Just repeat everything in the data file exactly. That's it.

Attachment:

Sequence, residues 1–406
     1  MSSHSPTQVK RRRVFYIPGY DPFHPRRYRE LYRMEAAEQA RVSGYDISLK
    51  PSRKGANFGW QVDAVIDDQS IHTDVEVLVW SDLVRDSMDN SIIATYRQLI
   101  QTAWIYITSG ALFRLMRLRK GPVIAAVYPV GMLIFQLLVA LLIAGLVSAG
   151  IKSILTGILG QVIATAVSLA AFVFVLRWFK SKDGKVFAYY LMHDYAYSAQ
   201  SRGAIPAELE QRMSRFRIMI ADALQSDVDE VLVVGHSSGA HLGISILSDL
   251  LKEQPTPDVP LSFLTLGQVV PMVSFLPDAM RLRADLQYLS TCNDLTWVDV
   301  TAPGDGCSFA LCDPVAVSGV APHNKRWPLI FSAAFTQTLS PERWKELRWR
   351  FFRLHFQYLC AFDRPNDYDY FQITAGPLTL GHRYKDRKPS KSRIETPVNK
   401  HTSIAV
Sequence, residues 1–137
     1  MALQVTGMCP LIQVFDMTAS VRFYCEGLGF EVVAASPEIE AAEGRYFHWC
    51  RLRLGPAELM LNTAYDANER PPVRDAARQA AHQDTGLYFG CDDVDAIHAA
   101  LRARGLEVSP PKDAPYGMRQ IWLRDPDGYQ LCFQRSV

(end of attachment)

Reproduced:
Sequence, residues 1–406
     1  MSSHSPTQVK RRRVFYIPGY DPFHPRRYRE LYRMEAAEQA RVSGYDISLK
    51  PSRKGANFGW QVDAVIDDQS IHTDVEVLVW SDLVRDSMDN SIIATYRQLI
   101  QTAWIYITSG ALFRLMRLRK GPVIAAVYPV GMLIFQLLVA LLIAGLVSAG
   151  IKSILTGILG QVIATAVSLA AFVFVLRWFK SKDGKVFAYY LMHDYAYSAQ
   201  SRGAIPAELE QRMSRFRIMI ADALQSDVDE VLVVGHSSGA HLGISILSDL
   251  LKEQPTPDVP LSFLTLGQVV PMVSFLPDAM RLRADLQYLS TCNDLTWVDV
   301  TAPGDGCSFA LCDPVAVSGV APHNKRWPLI FSAAFTQTLS PERWKELRWR
   351  FFRLHFQYLC AFDRPNDYDY FQITAGPLTL GHRYKDRKPS KSRIETPVNK
   401  HTSIAV
Sequence, residues 1–137
     1  MALQVTGMCP LIQVFDMTAS VRFYCEGLGF EVVAASPEIE AAEGRYFHWC
    51  RLRLGPAELM LNTAYDANER PPVRDAARQA AHQDTGLYFG CDDVDAIHAA
   101  LRARGLEVSP PKDAPYGMRQ IWLRDPDGYQ LCFQRSV